If you haven’t heard the big news, The Internet Archive recently released over 2,000 classic MS-DOS games to play for free online. One of the free games available is seminal childhood favorite, The Oregon Trail.
Because I’m still a 10-year-old at heart, I seized the opportunity to play one of my all-time favorite computer games once again.
Knowing I might not immediately possess the proper skill to conquer the Trail after a two-decade layoff, I opted to feel my way through the linear, two-dimensional world of middle America with a party of Seattle’s least-favorite sports figures. That party consisted of:
1. A young’n named “Cyler.”
2. Another young’n named “Ayala.”
3. An adolescent named “Figgins.”
4. An older fellow named “Chone.”
5. A leader named “Wakamatsu,” who we can only imagine would often fight with Chone and Figgins.
As a farmer from Illinois (the worst occupation you can pick), I took to the trail with $400 worth of supplies, food, clothing, and oxen. With meal rations set to “Meager” and our pace at “Grueling,” things did not go well.
At our very first river crossing, the unthinkable happened.
In an attempt to ford the river, our party lost 20 bullets, one wagon wheel, one wagon axle, over half our oxen … and both Ayala and Figgins. Yes, two of the most miserable Seattle Mariners of all-time drowned before we’d made it more than a couple hundred miles from our home. Seriously.
Of course, there are benefits to witnessing 40-percent of your party drown in a river. For one thing, food was consumed at a much slower rate than before. For another, those extra sets of clothing we’d purchased before we set off could be bartered for additional supplies. And then there was the fact that one less person was around to fight with Wakamatsu, which undoubtedly took team morale to an all-time high.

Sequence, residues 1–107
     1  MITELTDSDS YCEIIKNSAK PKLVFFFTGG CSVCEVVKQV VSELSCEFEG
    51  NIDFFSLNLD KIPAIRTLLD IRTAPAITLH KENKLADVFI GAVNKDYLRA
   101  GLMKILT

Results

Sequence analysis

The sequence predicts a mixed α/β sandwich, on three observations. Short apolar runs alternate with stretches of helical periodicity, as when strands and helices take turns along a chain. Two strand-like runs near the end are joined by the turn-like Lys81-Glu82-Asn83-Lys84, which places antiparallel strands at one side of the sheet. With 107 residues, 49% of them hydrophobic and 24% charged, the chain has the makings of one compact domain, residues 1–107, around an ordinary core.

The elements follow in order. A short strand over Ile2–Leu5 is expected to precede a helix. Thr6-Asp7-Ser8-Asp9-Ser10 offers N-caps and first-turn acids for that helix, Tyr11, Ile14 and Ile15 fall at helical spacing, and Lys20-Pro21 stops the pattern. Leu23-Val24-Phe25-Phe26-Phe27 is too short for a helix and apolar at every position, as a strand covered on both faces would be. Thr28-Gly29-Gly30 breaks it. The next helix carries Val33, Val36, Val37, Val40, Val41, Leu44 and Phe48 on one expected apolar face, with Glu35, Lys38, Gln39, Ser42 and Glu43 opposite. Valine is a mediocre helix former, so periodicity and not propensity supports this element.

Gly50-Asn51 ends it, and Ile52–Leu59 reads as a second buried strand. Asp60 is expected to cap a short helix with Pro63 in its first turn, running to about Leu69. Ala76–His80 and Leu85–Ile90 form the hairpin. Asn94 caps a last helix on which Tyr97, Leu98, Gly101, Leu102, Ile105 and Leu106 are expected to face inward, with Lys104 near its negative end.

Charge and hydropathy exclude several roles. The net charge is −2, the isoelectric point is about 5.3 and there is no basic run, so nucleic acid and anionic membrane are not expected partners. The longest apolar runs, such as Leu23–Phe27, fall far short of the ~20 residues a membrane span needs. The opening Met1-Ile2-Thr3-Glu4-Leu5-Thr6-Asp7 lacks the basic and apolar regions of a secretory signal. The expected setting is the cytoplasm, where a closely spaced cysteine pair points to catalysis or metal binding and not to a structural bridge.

Shortly after the river incident, Chone was stricken by injury:
That snakebite quickly spiraled out of control, and just one day later this happened:
Just 206 miles traveled and 60-percent of the caravan was already deceased. Only Wakamatsu and Cyler remained. But look at all that food!
Two months passed with no incidents. Then, after making our way through a fort or two, another scare arose:
That must have been the worst fever in the history of mankind, because just three days later, tragedy struck:
We hadn’t yet traveled 500 miles and already we’d buried Figgins, Ayala, Chone, and Cyler. Only our leader, Wakamatsu, remained. But even he wasn’t spared…
Likely sensing that one man didn’t need all those clothes, a brazen thief struck one month after Cyler’s passing and stole a set of Wakamatsu’s clothing. Bastards. At least our leader remained in fair health. Fair health can only take one so far, however.
At the very next river we were to cross, Wakamatsu encountered rough waters. The wagon tipped while caulked and floating. A substantial amount of food floated away, as did a seemingly unnecessary set of clothing. Worst of all Wakamatsu, sadly, was lost at sea.
The entire party had passed in mere months. Someone (a good Samaritan, perhaps) was able to rescue Wakamatsu’s body from the river and give him a proper burial, at least.
My first time back on the Oregon Trail in a number of years didn’t go well at all. In fact, like the namesakes of my party of five, what I experienced was an unmitigated disaster.
Alas, in the wake of a quintet of tragedies, I attempted to take the trail once more, this time with a different strategy. And suffice it to say, things went much better in the second go-round: